"Queen Mary in her last sickness sent Commissioners to examine her [Elizabeth] about religion, to whom she answered, 'Is it not possible that the Queen will be persuaded I am a Catholic, having so often protested it?' and thereupon did swear and vow that she was a Catholic. This is confirmed by the Duke of Feria's letter to the King, who in this sickness of the Queen visited the Lady Elizabeth. He certified him that she did profess the Catholic Religion, and believed the Real Presence, and was not like to make any alteration for the principal points of religion." [Life of Jane Dormer, quoted by Miss Stone.] Elizabeth, as we know now, kept her word just long enough to secure her succession; she was crowned with Catholic rites by a Catholic bishop, and then immediately set to work to break her promise. She began by striking at the very heart of the Religion she had sworn to preserve, by her action in forbidding the Elevation of the Host at Mass, and so proceeded to re-establish the "Reformation principles" which she had explicitly abjured. Here is the account which Mr. David Morris B.A. , an historian of strong Protestant views gives of her energy: --
"Thus the Reformation was again the law of England and the work of Pole and Mary faded away. 'The nuns and monks were scattered once more, the crucifixes came down from the roodlofts, the Maries and Johns from their niches, and in Smithfield Market, at the cross-ways and street-corners, blazed into bonfires, as in the old days of Cromwell.' . . . These changes were not carried out without much opposition. . . . All the bishops, excepting the Bishop of Llandaff, refused the oath of supremacy, and were consequently deprived of their sees."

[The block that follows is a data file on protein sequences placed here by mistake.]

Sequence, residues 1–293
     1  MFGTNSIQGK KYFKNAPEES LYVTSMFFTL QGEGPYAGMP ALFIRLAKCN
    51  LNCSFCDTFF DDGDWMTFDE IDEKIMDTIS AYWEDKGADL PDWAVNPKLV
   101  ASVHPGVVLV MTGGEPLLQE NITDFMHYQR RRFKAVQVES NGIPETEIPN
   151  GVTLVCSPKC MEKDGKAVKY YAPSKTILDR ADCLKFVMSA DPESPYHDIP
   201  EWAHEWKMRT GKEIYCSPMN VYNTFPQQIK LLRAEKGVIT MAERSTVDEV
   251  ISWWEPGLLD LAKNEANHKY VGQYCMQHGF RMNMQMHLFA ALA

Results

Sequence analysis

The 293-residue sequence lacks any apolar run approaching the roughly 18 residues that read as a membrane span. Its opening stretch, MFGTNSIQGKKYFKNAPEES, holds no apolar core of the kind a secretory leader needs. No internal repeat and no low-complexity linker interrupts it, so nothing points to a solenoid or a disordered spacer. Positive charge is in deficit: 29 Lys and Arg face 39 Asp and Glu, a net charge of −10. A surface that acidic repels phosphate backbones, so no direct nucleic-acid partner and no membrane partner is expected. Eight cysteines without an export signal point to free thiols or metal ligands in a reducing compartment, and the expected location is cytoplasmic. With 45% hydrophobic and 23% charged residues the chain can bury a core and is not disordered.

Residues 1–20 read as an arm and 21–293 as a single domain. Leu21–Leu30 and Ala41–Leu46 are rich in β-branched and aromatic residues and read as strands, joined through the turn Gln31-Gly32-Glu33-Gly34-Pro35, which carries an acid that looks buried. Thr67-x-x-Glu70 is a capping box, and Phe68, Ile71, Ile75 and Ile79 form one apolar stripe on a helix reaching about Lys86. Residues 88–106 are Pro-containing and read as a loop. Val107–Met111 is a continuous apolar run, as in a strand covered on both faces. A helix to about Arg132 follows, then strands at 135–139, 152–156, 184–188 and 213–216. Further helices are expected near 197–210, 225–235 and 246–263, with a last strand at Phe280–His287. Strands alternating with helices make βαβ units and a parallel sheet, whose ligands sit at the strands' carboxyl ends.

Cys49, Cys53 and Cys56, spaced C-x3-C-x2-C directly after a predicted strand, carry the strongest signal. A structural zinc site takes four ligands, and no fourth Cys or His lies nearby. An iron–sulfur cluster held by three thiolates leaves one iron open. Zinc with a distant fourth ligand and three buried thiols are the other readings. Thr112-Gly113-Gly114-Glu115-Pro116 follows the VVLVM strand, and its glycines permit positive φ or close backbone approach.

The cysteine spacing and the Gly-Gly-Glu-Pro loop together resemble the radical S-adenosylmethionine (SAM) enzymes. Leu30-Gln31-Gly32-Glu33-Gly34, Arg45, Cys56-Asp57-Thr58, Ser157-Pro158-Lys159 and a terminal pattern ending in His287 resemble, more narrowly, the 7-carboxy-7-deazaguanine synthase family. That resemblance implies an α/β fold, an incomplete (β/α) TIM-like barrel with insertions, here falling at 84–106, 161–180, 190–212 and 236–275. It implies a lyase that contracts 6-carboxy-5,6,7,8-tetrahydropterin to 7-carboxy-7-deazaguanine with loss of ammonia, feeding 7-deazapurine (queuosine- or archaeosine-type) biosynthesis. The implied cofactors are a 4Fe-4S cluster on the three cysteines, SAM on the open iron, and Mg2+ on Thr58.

It was in this manner that Elizabeth observed her promise made to her sister. However, this is by the way; we must return to our subject.
Of the final scene of Mary's life we have a tolerably detailed account, taken down from the relation of Jane Dormer herself, who was one of the few friends who remained with Mary to the end. Most of her other attendants had already made their way to Hatfield, to pay their court to the Princess who would presently be in power. This account is an interesting comment on the way in which Mary's religion was a support to her in the crisis, and forms an agreeable comparison with the same element in her sister's death nearly fifty years later. Of course Mary's devotion in no way proves the truth of her faith; it is only an evidence of her absolute and serene sincerity.
"That morning hearing Mass, which was celebrated in her chamber, she being at the last point (for no day passed in her life that she heard not Mass), and although sick to death, she heard it with good attention, zeal, and devotion, as she answered in every part with him who served the Priest, such yet was the quickness of her senses and memory. And when the priest came to that part to say, 'Agnus Dei, qui tollis peccata mundi,' she answered plainly and distinctly to every one, 'Miserere nobis, Miserere nobis, Dona nobis pacem.'
"Afterwards, seeming to meditate something with herself, when the Priest took the Sacred Host to consume it, she adored it with her voice and countenance, presently closed her eyes and rendered her blessed soul to God. This the Duchess [Jane Dormer] hath related to me, the tears pouring from her eyes, that the last thing which the Queen saw in this world was her Saviour and Redeemer in the Sacramental Species, no doubt to behold Him presently after in His glorious Body in heaven. A blessed and glorious passage, 'Anima mea cum anima ejus.'" [From Life of Jane Dormer, quoted by Miss Stone.]